After Wisdom Tooth Removal
The removal of impacted teeth is a serious surgical procedure. Post-operative care is very important. Unnecessary pain and complications such as infection and swelling can be minimized if these instructions are followed carefully.
Immediately Following Surgery
- Patients receiving an IV anesthetic should return home from our office immediately and lie down with your head elevated until the effects of the medications have dissappeared. You may feel drowsy for a short period of time or for several hours. Do not drive an automobile or operate machinery for at least 12 hours, or longer if you feel any residual effects from the anesthetic.
- The gauze pad placed over the surgical area should be kept in place for 30-45 minutes. After this time, the gauze pad should be removed and discarded.
- Vigorous mouth rinsing and/or touching the wound area following surgery should be avoided. This may initiate bleeding by causing the blood clot that has formed to become dislodged.
- Place ice packs to the sides of your face where the surgery was performed. Refer to the section on swelling for a more thorough explanation.
- Restrict your activities the first few days. After a few days, you should feel fine and can resume your normal activities. If you have heavy bleeding, new or increasing swelling after3 days, or a reaction to the medication, call our office at River Valley Oral and Maxillofacial Surgery Phone Number 309-797-1770.
- CAUTION: If you suddenly sit up or stand from a lying position, you may become dizzy. If you are lying down following surgery, make sure you sit up for one minute before standing.
*If you have had surgery at our office and are having a postoperative problem, call our office for advise or an appointment. You may also simply come to our office at 7:30am Monday-Friday for an evaluation.
A certain amount of bleeding is to be expected following surgery. Bite on a gauze pad for 30-45 minutes immediately after the appointment. Visually make sure the pack is directly over the surgical area as numbness can make this hard to feel. Slight bleeding, oozing, or redness in the saliva is not uncommon for 48 hours following surgery. Excessive bleeding may be controlled by first rinsing or wiping any old clots from your mouth, then placing a gauze pad over the area and biting firmly for 30-45 minutes. Repeat if necessary. If bleeding continues, bite on an ice water moistened black tea bag for 30-45 minutes. The tannic acid in the black tea helps to form a clot by contracting bleeding vessels. It is also helpful to remain calm, sitting upright with your head above your heart to avoid any increase in heart rate. If bleeding does not subside, call our office for further instructions.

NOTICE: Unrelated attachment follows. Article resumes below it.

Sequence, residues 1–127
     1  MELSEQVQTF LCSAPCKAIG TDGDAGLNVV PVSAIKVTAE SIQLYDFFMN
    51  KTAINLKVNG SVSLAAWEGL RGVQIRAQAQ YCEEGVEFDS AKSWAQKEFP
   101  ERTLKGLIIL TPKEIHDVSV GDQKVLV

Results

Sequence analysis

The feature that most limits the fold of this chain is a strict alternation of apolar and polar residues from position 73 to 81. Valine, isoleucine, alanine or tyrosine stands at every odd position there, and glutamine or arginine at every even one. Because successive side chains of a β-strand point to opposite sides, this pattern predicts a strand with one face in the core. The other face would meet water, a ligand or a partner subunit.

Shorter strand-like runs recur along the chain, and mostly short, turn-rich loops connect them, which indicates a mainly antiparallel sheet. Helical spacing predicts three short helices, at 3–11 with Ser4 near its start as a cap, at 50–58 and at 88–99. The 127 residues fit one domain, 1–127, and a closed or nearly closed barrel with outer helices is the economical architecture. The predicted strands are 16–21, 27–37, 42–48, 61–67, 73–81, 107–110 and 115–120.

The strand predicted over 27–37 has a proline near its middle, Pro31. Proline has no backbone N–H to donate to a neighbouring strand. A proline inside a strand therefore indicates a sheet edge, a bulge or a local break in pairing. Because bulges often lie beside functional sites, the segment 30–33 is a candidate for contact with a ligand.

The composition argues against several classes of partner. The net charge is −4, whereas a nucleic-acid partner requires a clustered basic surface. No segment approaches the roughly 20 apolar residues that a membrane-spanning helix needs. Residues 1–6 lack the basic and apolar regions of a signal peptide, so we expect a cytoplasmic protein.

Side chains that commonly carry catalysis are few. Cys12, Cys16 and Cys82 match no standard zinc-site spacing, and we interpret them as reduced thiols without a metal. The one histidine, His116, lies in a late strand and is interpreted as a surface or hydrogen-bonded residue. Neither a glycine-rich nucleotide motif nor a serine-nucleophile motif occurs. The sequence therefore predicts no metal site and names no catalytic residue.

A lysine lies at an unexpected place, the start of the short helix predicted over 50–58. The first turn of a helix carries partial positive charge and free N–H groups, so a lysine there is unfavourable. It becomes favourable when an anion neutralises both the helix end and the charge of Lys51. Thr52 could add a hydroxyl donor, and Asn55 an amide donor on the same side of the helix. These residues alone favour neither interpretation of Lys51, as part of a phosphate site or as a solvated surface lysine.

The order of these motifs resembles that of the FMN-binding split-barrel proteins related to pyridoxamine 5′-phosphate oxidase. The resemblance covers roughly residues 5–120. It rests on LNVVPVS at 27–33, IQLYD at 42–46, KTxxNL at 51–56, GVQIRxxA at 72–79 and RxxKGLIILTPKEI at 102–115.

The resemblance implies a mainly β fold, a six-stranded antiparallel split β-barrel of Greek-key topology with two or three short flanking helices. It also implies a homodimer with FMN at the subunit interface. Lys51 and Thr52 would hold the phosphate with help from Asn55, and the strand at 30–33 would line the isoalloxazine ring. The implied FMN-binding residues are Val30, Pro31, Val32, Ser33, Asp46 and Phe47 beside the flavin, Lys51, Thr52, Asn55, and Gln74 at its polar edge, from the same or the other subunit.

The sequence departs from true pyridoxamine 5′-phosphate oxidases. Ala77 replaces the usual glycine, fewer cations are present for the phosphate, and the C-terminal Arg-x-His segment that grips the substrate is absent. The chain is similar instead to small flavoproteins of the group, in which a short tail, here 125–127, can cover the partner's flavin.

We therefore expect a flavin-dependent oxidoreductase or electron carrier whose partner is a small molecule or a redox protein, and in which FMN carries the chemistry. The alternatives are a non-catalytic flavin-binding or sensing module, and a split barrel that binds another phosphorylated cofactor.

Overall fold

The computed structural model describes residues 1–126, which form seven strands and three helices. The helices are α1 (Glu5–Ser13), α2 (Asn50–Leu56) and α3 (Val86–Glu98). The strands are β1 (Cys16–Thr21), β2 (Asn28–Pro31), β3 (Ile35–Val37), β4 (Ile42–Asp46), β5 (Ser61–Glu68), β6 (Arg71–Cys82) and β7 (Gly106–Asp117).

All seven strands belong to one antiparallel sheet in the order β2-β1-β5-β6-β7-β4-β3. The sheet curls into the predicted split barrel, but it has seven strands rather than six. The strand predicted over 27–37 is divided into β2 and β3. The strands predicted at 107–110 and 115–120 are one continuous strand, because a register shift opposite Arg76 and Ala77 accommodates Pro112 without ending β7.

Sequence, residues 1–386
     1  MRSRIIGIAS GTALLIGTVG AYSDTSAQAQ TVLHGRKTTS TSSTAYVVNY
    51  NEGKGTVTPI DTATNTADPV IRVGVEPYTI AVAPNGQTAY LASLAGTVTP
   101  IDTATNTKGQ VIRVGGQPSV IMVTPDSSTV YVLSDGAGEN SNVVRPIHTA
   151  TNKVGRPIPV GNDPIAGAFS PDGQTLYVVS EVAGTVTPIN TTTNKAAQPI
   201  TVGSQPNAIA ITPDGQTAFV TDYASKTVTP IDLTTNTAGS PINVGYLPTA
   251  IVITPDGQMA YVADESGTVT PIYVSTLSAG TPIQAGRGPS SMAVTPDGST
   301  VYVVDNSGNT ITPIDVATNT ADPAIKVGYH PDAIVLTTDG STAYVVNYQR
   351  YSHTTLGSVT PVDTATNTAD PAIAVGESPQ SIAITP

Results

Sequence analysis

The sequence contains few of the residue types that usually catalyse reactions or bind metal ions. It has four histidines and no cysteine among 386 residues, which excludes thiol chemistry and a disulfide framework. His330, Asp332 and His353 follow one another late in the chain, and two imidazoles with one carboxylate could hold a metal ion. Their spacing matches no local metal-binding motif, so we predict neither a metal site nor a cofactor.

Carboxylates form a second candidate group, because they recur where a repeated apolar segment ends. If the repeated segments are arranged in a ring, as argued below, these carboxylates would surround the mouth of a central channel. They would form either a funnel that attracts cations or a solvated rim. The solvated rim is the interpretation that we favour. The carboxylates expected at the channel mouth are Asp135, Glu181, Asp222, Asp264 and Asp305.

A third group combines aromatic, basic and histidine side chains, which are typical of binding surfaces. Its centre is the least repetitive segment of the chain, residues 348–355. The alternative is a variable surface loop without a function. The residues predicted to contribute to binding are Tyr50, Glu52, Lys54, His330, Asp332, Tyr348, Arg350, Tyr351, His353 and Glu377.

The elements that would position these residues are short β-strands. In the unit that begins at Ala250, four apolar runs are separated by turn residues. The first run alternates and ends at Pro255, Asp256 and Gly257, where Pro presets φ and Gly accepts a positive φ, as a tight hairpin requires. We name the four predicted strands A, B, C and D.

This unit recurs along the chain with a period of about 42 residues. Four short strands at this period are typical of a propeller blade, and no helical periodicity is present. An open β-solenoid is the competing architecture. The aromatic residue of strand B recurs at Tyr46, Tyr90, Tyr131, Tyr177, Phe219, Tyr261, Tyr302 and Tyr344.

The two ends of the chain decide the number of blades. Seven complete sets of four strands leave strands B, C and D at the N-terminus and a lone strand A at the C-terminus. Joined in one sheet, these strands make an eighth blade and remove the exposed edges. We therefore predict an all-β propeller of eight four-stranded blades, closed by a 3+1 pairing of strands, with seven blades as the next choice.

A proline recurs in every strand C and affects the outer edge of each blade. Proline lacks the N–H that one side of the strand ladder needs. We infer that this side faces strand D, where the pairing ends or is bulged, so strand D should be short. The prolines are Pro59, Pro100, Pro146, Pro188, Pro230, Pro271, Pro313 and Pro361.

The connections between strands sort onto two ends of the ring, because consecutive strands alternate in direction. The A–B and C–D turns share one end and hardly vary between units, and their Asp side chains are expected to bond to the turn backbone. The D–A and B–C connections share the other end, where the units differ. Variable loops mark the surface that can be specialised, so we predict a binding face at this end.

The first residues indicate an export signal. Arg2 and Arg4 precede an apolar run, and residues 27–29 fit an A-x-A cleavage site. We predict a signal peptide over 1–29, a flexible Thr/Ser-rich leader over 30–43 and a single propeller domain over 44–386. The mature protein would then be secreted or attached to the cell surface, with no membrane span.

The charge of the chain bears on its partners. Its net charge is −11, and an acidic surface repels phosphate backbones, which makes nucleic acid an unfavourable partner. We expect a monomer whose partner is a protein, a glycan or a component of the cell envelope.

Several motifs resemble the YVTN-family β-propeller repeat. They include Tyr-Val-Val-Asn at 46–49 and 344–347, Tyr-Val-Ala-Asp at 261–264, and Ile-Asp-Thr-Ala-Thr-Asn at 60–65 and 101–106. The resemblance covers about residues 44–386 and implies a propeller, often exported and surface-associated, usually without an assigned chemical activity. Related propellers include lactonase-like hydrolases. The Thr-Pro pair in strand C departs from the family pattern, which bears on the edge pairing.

After the blood clot forms, it is important to not disturb or dislodge the clot. Do not rinse vigorously, suck on straws, smoke, drink alcohol or brush teeth next to the extraction site for 24 hours. These activities may dislodge or dissolve the clot and hinder the healing process. Normal oral hygiene/brushing should be done with care away from the surgical areas starting the day after surgery. Limit vigorous exercise for the next 48 hours, as this increases blood pressure and may cause more bleeding from the extraction site.
You will experience some discomfort following any surgery. Extractions are no exception. During your surgery, you received a local anesthetic injection, which will keep the area numb from 1-6 hours. After your surgery, you should eat something soft so that you can take your pain medication with food in your stomach. Taking pain medication on an empty stomach can cause nausea and vomiting. The medication should be started as soon as possible after surgery to stay ahead of the pain and inflammation.
For children, take over the counter pain medication as directed.